I left our place in Santa Monica around 5:15 a.m. and by 7:00 had secured my spot in transition. I used the final hour before the start of the race to do my usual sprint triathlon pre-race stuff. I was locked and loaded!
The run was the first event in this reverse triathlon format. Both the run and the bike were being contested on a roughly 3-mile loop around the famed Rose Bowl. Three minutes prior to the first wave of the Triathlon there was also a duathlon and a 5k run so this meant, that combined with the 770 triathletes, there would be well over 1,000 souls jammed into the same three-mile loop for large portions of the race. I expected the bike to be quite a challenge due to this, but that was a problem I didn’t have to deal with for about 30 minutes.
The triathlon had several waves but these were self-seeded by one’s own judgment of expected performance. The first wave was intended for those who could reasonably expect to do the RBS legs (without transitions) in 60 minutes or less. This seemed pretty close to what I thought I might be able to do so I gave myself the benefit of the doubt and I self-seeded in the first triathlon wave. As I stood a few rows back in the starting chute I looked around and could see that I was not the only one to reach this decision--some with no doubt more liberal standards than I.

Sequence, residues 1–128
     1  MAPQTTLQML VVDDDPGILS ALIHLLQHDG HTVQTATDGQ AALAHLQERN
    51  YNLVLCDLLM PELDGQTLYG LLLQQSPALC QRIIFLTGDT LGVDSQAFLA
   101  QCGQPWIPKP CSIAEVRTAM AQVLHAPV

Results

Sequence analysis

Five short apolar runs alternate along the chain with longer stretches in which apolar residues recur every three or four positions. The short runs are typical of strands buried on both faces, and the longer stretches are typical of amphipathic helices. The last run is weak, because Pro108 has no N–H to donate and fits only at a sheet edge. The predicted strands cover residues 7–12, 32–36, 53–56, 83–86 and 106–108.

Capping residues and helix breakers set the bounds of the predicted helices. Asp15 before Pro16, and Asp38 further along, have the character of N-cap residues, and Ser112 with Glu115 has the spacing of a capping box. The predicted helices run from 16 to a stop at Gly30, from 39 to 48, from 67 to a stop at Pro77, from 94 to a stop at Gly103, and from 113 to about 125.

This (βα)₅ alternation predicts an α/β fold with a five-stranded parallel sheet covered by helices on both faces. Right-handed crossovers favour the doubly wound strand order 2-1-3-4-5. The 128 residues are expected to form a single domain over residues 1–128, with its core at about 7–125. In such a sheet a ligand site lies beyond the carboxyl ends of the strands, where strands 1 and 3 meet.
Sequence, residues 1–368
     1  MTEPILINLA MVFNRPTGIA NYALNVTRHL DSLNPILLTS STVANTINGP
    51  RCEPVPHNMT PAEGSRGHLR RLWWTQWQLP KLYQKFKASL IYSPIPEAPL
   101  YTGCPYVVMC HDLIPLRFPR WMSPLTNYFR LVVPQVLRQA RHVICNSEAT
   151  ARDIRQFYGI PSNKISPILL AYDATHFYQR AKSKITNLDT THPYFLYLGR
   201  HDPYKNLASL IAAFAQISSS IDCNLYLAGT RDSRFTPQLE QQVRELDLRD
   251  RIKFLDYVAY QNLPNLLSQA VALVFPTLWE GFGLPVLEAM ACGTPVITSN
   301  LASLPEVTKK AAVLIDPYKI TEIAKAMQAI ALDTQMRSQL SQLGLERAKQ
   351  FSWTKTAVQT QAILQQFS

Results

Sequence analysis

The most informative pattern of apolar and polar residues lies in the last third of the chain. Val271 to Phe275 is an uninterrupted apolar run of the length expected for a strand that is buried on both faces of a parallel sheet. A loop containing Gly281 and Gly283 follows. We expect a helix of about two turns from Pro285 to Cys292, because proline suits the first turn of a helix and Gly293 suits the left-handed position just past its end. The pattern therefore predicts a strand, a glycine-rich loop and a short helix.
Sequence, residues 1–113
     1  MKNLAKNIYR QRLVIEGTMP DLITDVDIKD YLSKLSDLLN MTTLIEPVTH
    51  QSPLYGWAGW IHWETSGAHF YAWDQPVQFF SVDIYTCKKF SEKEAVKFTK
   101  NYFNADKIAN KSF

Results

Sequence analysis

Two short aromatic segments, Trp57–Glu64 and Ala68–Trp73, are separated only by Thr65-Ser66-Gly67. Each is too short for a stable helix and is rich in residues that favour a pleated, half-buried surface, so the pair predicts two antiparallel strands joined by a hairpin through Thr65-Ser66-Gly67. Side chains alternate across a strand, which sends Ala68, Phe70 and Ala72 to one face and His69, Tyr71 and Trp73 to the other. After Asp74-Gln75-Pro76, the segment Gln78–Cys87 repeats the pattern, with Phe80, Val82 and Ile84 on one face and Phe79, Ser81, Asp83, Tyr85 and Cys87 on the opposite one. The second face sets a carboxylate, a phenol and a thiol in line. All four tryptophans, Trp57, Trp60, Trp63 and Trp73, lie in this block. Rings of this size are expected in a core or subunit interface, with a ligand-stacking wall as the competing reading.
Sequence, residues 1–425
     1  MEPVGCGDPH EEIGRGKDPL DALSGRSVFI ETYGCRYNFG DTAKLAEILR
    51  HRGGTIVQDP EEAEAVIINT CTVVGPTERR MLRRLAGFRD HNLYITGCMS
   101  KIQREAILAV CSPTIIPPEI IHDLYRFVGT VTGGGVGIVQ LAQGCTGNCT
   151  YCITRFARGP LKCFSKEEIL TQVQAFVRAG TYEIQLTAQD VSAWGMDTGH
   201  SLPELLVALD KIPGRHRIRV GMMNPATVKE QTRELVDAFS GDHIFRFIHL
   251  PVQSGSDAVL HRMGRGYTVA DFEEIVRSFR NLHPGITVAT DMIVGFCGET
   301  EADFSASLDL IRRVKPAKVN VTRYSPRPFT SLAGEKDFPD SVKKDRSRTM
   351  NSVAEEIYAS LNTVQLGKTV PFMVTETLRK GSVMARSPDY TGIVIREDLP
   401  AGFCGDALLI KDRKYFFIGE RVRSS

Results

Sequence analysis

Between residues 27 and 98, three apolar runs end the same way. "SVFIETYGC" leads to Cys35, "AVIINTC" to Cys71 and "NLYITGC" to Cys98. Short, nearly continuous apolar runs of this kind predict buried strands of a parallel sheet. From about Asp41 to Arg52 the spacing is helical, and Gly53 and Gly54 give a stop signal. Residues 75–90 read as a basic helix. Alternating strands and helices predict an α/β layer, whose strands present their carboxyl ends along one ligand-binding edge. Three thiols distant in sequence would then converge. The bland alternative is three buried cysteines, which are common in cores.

One of the implications of this seeding logic of course, is I had no idea which of my AG competitors were in which wave. No matter, I knew that my target competitor, Sparr, had done 28:40 in 2015 for the “5k” so I thought I should try to run 9-minute miles and if I could, I felt my bike/swim would be faster than his and I might be able to beat him to the finish. I know 9-minute miles represents a very modest goal (in 2014, I was running 8-minute miles in early season Sprint Triathlons) but since the fastest mile I had run in a year and a half was only 9:30 or so, it was by no means certain I could do so.
I have to admit I was a little nervous as I awaited the start. Nervous and excited. Soon, the gun went off and very quickly the familiar sensations that accompany running in a triathlon returned and a big smile crept across my face--I was a triathlete once again!
I knew there was a good chance that the run would be long (or the bike short) as the same loop was used for both the bike and run and there was an out and back section in addition to the loops for the bike. It was impossible for the bike to be exactly 3 times the run. Further, the run course was outside the bike course making it slightly longer due to the bigger “radius” of the run loop. Each loop basically went up hill for the first half of the loop and then returned downhill back to the transition area. There was about 125 feet of elevation gain so the effective slope of the road was either a positive or negative 1.5 degrees--essentially a false flat.